Prevalence and distribution of soil-transmitted helminth (STH) infections in urban and indigenous schoolchildren in Ortigueira, State of Paranà, Brasil: implications for control
Source: Tropical Medicine & International Health, Volume 5, Number 4, April 2000 , pp. 302-307(6)
Soil-transmitted helminth (STH) infections represent a major public health problem in poor and developing countries. During the period September-October 1998 we conducted an epidemiological survey of STH infections in schoolchildren of an urban area (group A) and an indigenous reserve (group B), in the Municipality of Ortigueira, State of Paranà, Brazil, to assess potential benefits of mass treatment. Stool samples were examined for helminth eggs by quantitative (Kato-Katz) technique to determine the prevalence and intensity of intestinal parasitic infection. Moreover, we examined the relationship between prevalence and intensity of STH infections and housing/hygienic factors (by means of a 7-item questionnaire). 236 schoolchildren aged 5–15 years were enrolled, 136 in group A and 100 in group B. The prevalence of STH infections was significantly higher in group B (93%) than in group A (22%) (P < 0.001). Detected parasites were: A. lumbricoides (16.1% prevalence in group A, 88% in group B, P < 0.001), hookworms (5.8% in group A, 52% in group B, P < 0.001) and T. trichiura (5.1% in group A, 2% in group B, P= 0.2). Heavy infections were detected in 2.9% and 23% of the children in group A and B, respectively (P < 0.001). Housing/hygienic indicators were significantly poorer in group B. A statistically significant correlation was observed between total prevalence of STH infections and prevalence of high-intensity infections with most housing/hygienic variables. On the basis of these results, mass treatment and educational interventions were suggested for the indigenous community, whereas target treatment and educational interventions were suggested for the urban community. Even in a geographically homogeneous area different epidemiological realities can be found, which in turn can influence infection levels and control programmes.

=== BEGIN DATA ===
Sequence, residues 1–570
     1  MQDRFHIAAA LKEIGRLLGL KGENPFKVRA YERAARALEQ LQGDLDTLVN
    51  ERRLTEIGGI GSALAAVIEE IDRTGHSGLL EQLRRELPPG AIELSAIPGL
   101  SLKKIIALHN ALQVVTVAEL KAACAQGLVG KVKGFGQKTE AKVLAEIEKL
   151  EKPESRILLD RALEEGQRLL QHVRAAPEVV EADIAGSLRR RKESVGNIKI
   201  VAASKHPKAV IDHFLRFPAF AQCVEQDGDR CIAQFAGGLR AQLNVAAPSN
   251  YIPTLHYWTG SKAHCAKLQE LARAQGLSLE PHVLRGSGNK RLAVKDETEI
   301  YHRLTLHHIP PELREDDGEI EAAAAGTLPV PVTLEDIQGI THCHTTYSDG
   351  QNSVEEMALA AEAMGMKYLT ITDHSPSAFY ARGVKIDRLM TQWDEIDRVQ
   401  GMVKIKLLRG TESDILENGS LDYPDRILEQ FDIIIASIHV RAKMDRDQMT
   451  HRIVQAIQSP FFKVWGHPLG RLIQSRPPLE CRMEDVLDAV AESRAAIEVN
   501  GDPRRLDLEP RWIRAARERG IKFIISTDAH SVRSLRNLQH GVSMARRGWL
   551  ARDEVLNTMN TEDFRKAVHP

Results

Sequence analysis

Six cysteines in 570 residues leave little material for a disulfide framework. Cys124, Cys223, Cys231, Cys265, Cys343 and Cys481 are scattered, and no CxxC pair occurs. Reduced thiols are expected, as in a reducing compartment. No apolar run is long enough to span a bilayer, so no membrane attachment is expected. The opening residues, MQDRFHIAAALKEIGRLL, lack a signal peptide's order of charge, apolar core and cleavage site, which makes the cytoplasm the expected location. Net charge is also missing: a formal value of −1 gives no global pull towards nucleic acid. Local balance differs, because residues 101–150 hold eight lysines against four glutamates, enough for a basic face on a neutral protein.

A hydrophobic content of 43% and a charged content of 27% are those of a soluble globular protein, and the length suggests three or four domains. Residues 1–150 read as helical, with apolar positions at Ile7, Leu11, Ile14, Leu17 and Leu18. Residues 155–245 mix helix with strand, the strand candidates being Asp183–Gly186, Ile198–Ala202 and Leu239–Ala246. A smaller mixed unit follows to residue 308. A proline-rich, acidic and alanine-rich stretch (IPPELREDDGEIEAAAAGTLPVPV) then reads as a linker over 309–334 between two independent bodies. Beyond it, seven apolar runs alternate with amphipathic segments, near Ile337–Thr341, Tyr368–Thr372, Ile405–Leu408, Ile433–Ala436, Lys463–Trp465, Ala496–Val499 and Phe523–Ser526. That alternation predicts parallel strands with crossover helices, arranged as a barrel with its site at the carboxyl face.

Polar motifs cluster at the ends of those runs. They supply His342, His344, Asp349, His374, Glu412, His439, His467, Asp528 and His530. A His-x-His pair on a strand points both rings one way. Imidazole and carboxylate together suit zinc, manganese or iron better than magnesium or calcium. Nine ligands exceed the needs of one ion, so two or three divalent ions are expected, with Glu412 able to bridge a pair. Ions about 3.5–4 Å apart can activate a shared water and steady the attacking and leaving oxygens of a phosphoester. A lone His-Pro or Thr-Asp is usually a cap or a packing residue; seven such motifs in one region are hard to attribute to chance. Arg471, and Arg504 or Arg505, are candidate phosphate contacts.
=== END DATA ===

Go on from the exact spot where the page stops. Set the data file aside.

Document Type: Research Article
Affiliations: 1: Department of Infectious and Tropical Diseases, University of Brescia, Italy 2: Hospital Sao Francisco, Fundacao Médica Assistencial dos Trabalhadores Rurais de Ortigueira, Brazil 3: Department of Obstetrics and Gynecology, University of Pavia, Italy 4: Service of Infectious and Tropical Diseases, General Hospital of Macerata, Italy
Publication date: April 1, 2000